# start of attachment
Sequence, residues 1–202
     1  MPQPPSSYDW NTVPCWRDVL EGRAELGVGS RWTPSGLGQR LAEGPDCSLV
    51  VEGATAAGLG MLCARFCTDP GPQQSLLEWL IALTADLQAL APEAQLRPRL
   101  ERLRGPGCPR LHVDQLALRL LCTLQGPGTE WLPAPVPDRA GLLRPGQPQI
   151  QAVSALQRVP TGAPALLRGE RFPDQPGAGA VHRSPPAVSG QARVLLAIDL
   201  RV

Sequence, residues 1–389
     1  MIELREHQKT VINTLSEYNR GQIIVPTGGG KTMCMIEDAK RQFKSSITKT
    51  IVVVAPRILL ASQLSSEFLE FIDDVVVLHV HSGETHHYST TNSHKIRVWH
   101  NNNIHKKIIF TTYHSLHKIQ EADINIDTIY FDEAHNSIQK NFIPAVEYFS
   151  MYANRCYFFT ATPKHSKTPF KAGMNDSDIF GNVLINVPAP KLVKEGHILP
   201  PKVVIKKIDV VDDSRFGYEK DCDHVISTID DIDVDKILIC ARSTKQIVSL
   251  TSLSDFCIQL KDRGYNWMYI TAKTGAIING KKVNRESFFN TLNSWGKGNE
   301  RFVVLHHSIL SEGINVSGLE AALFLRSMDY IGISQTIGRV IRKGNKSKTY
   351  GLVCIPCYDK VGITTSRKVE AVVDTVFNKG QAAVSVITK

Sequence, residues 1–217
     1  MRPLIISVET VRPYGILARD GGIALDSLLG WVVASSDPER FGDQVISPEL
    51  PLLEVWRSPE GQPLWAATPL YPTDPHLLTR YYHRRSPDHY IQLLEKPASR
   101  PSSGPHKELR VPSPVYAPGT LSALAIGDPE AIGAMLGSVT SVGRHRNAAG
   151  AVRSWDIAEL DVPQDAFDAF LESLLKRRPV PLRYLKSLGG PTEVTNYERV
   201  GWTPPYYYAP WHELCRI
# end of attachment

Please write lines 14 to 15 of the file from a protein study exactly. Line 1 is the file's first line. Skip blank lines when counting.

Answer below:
   301  RFVVLHHSIL SEGINVSGLE AALFLRSMDY IGISQTIGRV IRKGNKSKTY
   351  GLVCIPCYDK VGITTSRKVE AVVDTVFNKG QAAVSVITK